The government had clearly been lowering expectations around ‘Tax Day’.

Now we know why.

Those eagerly awaiting an announcement of a full review of Capital Gains Tax and Inheritance Tax will have to continue waiting.

There was no mention of a reform of Capital Gains Tax. This is despite an Office of Tax Simplification (OTS) review suggesting significant changes, including the possible alignment of income and capital gains tax rates.

On Inheritance Tax, HM Treasury has finally recognised that the system is too administratively complex. The intention is to take 90% of non-taxpaying estates out of the reporting system. Any radical proposals for reforming Inheritance Tax, as also suggested by the OTS, are clearly for another time, although there are hints that HM Treasury minds are focused on bigger fish in the tax-raising pool.

There were no notable changes to the pension tax relief regime. This remains generous for many pension scheme members and therefore costly to public finances. We are pleased that there continues to be an incentive to save for a secure retirement.

Taxation of trusts has again been put under the spotlight and, despite the evident complexity, no changes are being proposed – another missed opportunity.

Key Consultations

  • A big focus on improving HMRC’s sometimes creaking IT systems, enabling more progress towards a ‘one stop’ digital system. Assuming digital exclusion is addressed effectively, this is likely to be widely welcomed. It could make life easier for us all and the tax system more efficient.
  • Further proposals to prevent abuse of the tax system.
  • A proposal to make Professional Indemnity insurance compulsory to provide more protection for clients. The tax advice area is clearly not universally respected by the HM Treasury; this is one of the ways in which they are looking to enhance standards.
  • A long-overdue review of the Business Rates system, now even more controversial than prior to the pandemic.
  • Proposals for a tax on large property developers to help fund the removal of cladding on some flats.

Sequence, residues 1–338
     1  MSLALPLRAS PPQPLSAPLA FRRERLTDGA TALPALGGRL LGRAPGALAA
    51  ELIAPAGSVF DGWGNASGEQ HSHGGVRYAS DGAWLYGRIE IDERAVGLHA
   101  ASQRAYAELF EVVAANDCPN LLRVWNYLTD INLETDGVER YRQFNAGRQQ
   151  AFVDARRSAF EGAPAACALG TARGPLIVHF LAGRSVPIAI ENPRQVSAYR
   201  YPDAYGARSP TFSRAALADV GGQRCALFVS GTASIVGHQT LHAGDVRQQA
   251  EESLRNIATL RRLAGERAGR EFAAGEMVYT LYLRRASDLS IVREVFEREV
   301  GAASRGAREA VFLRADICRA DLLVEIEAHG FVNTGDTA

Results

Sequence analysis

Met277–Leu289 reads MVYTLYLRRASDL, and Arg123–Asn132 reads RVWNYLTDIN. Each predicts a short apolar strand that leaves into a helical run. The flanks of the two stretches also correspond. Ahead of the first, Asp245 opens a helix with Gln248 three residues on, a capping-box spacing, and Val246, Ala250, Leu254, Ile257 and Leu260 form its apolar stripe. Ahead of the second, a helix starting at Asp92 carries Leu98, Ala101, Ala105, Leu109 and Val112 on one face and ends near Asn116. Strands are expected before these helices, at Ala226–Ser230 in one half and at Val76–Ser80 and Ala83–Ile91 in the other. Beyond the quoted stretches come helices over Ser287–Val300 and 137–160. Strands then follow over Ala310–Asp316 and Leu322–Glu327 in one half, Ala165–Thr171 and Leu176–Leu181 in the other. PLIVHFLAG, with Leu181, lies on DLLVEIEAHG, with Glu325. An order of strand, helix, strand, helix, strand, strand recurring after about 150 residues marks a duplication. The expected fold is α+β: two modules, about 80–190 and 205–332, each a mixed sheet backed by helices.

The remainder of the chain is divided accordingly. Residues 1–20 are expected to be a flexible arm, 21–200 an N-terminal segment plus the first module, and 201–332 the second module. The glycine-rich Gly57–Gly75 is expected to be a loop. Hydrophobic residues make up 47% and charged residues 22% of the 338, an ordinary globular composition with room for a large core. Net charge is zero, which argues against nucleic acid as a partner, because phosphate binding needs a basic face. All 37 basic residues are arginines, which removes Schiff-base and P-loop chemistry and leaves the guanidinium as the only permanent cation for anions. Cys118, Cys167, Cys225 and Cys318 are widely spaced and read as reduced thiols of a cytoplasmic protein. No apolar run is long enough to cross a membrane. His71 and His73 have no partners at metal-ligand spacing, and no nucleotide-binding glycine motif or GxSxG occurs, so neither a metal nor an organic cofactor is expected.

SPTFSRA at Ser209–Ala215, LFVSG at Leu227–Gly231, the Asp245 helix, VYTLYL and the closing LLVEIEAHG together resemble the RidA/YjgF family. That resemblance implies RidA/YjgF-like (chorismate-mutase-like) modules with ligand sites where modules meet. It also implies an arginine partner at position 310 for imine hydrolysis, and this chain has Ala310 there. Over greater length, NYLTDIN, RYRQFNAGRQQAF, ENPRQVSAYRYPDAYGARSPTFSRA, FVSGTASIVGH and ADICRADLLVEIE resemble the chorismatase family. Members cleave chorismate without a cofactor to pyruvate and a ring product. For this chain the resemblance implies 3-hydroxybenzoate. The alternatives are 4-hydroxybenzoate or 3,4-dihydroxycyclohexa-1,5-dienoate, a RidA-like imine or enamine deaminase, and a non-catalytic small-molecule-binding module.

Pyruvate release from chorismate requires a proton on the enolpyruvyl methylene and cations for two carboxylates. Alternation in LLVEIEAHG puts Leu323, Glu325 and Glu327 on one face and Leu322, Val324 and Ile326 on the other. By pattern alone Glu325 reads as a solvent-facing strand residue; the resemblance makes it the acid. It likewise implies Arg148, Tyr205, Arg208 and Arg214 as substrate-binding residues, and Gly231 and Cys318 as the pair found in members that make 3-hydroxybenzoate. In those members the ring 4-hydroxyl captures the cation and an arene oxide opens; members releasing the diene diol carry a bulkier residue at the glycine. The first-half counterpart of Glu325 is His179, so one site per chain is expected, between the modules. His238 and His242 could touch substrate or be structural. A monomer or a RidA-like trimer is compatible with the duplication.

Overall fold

• A call for feedback on a proposed Carbon Emissions Tax, as part of our ‘carbon neutral’ commitment, and to increase the cost of long-haul flights. Although overall, and perhaps surprisingly, the eco agenda seems rather light.
  • Proposals to make it more difficult for owners of second home properties to avoid council tax, by declaring the property to be a holiday let business, while having no serious intention of letting the property.

Final Thoughts

Whilst there is a fair amount of consultation, none of this suggests radical policy thinking – which, in financial planning terms, is arguably welcome in the current environment. Further details are expected in the autumn.

Taking advantage of current opportunities while anticipating future changes lies at the heart of all we do on behalf of our clients. Initiatives such as ‘Tax Day’ serve to reinforce the value of this approach, underpinned by our in-depth expertise and experience, over many cycles of change and stability.

If you would like to discuss any aspect of this bulletin, please get in touch.


This communication is prepared for general circulation and is intended to provide information only. It is not intended to be construed as a solicitation for the sale of any particular investment or as investment advice and does not have regard to the specific investment objectives, financial situation, and particular needs of any person to whom it is presented. Tax treatment will depend upon individual circumstances and may be subject to change in the future.

Please also note that the value of investments, and / or the income from them, can fall as well as rise so you could get back less than you invested. The past performance of an investment should not be relied upon as a guide to its future performance. Unless indicated otherwise, comment and opinion in this publication is based on HMRC’s tax regulations for 2020/21 tax year and future proposals.

This communication has been approved and issued by Punter Southall Wealth.


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